How much money is at stake when you don't fill out the census? Here's a breakdown.
LOS ANGELES (KABC) -- Census data is used as a guide to help decide how billions of dollars in federal funding will be distributed each year at the state and local levels, according to the U.S. Census Bureau.
Not counting all individuals in a community affects the amount of funding that community will receive for the next 10 years.
According to Martha Dominguez, Deputy Director of External Affairs and Media Relations at the California Census office, for each person that doesn't fill out the census, your community is losing about $1,000 per year.
"The number that we have worked out with the Department of Finance is $1,000 per person for the next 10 years," said Dominguez.
After one year, that's almost the same amount of money as a new laundry machine.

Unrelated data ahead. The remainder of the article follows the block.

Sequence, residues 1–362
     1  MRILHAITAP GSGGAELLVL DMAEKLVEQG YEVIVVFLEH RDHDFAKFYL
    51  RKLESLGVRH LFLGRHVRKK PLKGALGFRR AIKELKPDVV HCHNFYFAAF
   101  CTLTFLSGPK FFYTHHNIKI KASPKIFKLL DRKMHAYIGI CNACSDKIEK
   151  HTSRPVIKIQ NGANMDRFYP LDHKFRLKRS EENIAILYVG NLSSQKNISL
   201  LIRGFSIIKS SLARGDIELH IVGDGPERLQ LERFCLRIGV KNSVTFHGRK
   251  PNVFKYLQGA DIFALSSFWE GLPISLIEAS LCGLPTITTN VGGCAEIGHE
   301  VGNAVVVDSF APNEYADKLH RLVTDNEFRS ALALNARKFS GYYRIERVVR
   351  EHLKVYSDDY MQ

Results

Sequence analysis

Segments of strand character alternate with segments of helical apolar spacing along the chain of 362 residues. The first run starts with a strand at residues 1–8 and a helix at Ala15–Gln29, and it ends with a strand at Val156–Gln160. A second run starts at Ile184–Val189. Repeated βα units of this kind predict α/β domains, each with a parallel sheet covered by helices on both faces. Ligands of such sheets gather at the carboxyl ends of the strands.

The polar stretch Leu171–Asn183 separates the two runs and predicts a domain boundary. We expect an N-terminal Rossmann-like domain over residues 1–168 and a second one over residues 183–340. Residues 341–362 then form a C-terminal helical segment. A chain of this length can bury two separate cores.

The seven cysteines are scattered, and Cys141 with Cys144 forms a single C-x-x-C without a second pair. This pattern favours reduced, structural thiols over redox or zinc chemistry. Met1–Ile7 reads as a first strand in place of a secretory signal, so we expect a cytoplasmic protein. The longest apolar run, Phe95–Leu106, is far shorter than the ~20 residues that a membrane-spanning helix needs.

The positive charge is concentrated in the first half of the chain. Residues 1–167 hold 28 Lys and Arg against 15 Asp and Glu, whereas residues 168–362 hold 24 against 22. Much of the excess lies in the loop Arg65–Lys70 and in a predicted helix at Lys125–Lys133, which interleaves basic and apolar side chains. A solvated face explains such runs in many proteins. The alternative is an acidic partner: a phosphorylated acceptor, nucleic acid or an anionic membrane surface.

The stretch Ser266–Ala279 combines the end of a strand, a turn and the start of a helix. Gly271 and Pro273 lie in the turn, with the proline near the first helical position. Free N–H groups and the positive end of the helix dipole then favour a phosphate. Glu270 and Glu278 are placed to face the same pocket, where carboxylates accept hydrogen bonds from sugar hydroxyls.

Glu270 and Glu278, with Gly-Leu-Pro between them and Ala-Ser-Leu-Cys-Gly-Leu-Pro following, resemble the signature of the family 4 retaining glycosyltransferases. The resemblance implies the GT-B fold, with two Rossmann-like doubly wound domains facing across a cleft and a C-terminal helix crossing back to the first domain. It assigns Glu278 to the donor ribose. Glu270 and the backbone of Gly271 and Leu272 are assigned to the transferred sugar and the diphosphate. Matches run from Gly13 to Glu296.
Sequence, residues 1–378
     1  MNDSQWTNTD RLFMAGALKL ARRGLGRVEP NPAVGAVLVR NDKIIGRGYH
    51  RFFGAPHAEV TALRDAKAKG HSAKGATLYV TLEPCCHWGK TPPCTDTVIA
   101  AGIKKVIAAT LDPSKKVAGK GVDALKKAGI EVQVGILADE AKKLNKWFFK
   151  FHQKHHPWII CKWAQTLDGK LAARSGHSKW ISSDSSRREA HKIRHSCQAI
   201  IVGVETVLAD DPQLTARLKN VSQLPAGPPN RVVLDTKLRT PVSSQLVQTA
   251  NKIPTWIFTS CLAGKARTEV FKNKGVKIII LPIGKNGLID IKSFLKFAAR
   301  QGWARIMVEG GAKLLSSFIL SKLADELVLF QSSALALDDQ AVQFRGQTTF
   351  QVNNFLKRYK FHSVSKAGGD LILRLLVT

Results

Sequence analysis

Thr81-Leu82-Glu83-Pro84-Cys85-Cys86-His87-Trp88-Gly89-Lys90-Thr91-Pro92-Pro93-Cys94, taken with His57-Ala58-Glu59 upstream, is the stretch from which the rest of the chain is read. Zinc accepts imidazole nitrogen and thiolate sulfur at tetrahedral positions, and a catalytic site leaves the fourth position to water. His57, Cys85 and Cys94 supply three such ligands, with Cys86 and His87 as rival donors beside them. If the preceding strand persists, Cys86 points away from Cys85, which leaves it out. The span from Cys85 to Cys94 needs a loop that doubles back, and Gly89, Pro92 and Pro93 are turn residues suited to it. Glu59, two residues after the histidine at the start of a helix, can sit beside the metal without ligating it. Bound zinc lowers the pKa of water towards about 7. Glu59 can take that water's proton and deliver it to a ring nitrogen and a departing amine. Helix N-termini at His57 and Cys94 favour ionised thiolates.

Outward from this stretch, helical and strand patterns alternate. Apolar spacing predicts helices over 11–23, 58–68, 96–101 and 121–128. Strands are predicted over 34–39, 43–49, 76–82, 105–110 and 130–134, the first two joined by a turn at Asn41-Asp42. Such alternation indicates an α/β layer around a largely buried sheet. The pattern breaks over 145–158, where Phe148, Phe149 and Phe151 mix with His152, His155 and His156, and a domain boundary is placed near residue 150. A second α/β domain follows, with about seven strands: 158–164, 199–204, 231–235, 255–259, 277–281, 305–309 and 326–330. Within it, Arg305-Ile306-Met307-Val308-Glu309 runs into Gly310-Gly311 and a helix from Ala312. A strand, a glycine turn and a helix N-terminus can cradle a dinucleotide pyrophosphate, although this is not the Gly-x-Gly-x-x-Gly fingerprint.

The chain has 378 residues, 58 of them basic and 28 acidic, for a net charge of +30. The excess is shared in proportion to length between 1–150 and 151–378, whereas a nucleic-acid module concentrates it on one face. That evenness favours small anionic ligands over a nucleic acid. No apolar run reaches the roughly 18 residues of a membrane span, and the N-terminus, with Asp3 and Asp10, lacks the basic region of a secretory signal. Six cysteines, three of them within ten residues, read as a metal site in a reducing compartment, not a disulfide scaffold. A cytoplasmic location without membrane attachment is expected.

After five years, that's similar to the cost of a used car.
After 10 years, that would equal $10,000, and according to the LA Food Bank $10,000 could provide 40,000 meals to people in need.
And while you can't necessarily see this money in the palm of your hand, it's being distributed to federal programs that many people rely on every day like Medicaid and the National School Lunch Program, according to the U.S. Census Bureau.
Don't forget, census responses are due by September 30.
It's nine simple questions and you can fill it out by visiting 2020census.gov.
"The information that you're providing is the same information as you would signing up for any social media app," said Dominguez.
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